7 in 10 investors set to use a broker for their next loan

by Phil McCarroll15 Sep 2016
Residential property investors remain confident about the long-term prospects of the Australian property market, despite the impact of lending restrictions and the continued debate over negative gearing and apartment oversupply.

Released yesterday, the results of the Property Investment Professionals of Australia's (PIPA) second annual Property Investor Sentiment Survey revealed that 71% of the 1,000 investors surveyed believe now is a good time to invest in property, up from 63% a year ago.

According to the survey, 58% of investors are looking to secure their next property within the next six – 12 months.

“Similar to last year, most property investors are looking past short term challenges, remaining focused on the long-term wealth benefits that are available from residential real estate, including the potential for capital growth and rental income. Importantly, most investors are not speculating on quick gains in a low interest rate environment,” PIPA chair Ben Kingsley said.

Despite a small decrease, the survey shows the majority of investors regard brokers as the most important source of finance.

In the past 12 months, 65% of investors secured their last investment loan through a broker, compared to 66% over the previous 12-month period.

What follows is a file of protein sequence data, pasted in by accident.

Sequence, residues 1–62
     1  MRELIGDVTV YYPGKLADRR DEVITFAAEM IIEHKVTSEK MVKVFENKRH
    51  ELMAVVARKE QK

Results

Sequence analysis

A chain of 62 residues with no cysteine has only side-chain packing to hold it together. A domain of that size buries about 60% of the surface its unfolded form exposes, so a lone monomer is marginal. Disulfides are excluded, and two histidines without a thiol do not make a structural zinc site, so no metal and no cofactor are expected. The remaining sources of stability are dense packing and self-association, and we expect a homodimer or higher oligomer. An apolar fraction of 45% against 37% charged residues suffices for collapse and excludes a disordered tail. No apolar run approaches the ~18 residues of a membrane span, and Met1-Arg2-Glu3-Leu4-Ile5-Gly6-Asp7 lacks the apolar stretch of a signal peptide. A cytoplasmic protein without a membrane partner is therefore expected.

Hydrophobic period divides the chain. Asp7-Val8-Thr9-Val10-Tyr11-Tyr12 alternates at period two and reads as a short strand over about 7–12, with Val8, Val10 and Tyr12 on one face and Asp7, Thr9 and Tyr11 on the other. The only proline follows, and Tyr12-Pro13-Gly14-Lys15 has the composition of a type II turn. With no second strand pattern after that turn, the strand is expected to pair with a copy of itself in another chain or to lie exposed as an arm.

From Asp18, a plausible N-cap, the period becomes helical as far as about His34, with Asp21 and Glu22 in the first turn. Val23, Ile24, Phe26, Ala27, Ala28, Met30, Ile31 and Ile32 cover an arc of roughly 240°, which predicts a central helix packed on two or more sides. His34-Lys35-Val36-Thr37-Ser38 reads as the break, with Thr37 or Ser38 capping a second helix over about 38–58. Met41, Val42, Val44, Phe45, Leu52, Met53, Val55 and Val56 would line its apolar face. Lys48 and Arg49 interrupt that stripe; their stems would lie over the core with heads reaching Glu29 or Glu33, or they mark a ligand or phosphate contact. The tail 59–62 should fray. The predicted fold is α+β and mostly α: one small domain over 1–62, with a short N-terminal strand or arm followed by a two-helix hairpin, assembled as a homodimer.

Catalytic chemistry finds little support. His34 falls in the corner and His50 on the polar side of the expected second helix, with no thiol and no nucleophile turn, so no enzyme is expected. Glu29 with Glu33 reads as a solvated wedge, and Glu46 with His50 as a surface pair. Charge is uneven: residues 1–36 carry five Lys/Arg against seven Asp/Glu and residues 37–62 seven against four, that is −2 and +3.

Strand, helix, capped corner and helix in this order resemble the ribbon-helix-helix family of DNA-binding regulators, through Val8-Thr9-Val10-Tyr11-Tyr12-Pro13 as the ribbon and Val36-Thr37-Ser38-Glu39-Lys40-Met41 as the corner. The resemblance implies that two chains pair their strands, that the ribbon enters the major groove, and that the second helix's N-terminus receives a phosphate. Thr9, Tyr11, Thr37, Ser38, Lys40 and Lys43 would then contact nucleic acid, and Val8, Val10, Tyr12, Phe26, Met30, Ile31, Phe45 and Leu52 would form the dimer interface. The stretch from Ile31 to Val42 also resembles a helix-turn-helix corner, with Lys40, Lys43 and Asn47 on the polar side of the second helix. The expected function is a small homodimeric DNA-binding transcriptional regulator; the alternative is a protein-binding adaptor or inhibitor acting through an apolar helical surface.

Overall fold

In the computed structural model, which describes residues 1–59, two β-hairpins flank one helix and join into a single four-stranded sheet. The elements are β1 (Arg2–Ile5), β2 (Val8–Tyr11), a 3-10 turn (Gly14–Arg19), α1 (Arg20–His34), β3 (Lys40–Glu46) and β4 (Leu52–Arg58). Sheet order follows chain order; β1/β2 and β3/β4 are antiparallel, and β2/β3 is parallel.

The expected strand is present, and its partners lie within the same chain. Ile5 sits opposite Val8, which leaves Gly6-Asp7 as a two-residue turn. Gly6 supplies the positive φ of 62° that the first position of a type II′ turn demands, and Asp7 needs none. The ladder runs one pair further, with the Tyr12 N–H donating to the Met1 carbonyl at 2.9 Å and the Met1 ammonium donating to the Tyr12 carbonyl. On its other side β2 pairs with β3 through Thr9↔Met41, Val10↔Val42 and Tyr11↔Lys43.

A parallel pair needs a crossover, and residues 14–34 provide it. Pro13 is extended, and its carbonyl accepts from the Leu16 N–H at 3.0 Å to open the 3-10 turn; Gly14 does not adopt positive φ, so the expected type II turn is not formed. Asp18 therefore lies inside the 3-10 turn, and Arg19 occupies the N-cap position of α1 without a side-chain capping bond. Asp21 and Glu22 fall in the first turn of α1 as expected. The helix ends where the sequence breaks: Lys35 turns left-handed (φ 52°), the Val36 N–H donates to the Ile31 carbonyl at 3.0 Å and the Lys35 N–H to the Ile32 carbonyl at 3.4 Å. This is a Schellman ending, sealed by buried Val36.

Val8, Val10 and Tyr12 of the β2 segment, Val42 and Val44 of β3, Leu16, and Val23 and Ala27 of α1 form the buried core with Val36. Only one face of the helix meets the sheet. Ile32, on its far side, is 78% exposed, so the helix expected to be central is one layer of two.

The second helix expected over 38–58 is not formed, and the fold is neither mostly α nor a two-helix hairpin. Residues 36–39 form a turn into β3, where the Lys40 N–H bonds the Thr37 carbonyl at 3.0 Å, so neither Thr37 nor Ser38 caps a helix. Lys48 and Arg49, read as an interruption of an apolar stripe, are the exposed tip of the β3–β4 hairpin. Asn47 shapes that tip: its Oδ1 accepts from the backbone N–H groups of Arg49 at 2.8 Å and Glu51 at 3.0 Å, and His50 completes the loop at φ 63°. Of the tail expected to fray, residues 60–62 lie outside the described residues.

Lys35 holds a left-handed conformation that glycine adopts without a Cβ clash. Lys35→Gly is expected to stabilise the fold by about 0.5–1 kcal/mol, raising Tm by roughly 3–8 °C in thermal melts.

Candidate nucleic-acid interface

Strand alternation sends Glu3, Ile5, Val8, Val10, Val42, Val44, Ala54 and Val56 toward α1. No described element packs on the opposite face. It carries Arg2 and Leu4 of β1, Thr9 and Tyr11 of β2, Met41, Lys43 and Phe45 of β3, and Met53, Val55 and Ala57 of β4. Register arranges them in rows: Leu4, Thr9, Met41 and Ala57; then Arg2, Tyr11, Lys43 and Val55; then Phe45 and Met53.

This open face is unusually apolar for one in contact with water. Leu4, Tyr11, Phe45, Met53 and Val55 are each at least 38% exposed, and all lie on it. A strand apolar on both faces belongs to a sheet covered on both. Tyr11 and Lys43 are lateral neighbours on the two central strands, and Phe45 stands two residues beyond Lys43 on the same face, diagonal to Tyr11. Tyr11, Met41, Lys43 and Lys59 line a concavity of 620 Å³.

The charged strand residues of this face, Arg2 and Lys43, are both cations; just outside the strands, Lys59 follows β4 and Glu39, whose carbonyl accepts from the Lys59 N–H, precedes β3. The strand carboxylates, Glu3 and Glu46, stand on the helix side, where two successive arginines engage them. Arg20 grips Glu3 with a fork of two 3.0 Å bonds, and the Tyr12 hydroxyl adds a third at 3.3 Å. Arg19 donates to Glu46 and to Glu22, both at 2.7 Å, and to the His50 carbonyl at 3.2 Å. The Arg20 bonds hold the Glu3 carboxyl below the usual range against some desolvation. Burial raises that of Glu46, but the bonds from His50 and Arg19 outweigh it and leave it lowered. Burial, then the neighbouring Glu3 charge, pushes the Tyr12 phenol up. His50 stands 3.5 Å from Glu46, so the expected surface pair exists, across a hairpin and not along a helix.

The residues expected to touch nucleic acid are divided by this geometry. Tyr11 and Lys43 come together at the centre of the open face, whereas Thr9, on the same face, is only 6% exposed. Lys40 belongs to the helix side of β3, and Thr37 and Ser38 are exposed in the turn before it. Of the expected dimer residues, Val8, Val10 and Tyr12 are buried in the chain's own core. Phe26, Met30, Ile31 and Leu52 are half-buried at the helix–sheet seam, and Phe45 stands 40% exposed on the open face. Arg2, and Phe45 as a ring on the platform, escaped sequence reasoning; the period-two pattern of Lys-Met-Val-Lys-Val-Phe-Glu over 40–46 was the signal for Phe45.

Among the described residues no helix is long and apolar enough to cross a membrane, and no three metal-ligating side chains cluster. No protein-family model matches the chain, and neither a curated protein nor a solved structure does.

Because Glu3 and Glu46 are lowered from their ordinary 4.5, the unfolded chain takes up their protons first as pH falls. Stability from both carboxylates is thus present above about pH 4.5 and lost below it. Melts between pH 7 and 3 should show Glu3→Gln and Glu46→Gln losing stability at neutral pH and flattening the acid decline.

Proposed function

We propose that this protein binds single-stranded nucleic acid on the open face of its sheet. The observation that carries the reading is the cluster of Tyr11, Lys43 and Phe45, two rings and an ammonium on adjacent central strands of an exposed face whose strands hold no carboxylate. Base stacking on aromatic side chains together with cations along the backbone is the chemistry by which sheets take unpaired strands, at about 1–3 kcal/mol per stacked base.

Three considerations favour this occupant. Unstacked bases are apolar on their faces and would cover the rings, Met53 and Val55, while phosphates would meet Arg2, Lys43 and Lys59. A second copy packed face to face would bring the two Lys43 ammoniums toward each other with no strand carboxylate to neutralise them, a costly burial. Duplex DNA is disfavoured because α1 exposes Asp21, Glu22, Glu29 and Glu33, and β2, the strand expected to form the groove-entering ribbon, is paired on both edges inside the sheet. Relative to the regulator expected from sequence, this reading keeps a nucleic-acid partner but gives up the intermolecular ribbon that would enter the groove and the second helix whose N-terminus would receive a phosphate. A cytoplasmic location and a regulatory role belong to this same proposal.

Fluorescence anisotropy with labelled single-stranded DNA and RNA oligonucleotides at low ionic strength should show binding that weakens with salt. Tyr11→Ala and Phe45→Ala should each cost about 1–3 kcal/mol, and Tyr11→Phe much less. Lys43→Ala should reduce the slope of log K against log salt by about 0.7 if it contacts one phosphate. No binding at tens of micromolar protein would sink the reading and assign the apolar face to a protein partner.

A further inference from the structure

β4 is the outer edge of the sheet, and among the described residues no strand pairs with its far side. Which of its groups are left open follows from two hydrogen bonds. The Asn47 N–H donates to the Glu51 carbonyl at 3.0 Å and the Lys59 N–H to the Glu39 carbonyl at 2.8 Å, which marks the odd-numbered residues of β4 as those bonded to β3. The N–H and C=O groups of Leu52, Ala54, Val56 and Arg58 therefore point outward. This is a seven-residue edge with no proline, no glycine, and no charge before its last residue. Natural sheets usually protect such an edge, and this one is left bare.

Seventy-one per cent of investors said their next investment loan would be sourced through a broker, while 32% said recent changes to lenders’ investment policies have affected their ability to secure finance.

“In the complex borrowing environment we are now facing, brokers continue to play a key role as providers of finance to investors. They tend to better understand the investment lending landscape and offer great choice to investors,” Kingsley said.

Interest-only loans remain a popular choice for investors, with 80% saying they would choose or refinance with a lender offering the option of an interest-only repayment period over one who didn’t, while 66% would choose or refinance to a lender if it offered the same interest rates for investors as owner-occupiers.

Investors also appear to have faith in the regulatory environment for brokers, with 89% believing that the property investment industry should be regulated in a similar manner.

“Unlike financial planning and mortgage broking, the provision of property investment advice still remains unregulated,” Kingsley said.

“PIPA is committed to raising the professional standards of this industry and will continue to lobby the government to regulate property investment advice.”

The survey’s results show just 2% of investors believe negative gearing is a key reason people invest in property, while almost half (47%) of property investors are positively geared.

Of those who are negatively geared, 63% expect they will become positively geared within five years.

“The survey also affirms that a lot of the discussion about negative gearing misses the mark. Most investors understand that negative gearing is only a short term cash flow position, not a property investment strategy. And only a very small minority are attracted to real estate for these tax concessions,” Kingsley said.
 

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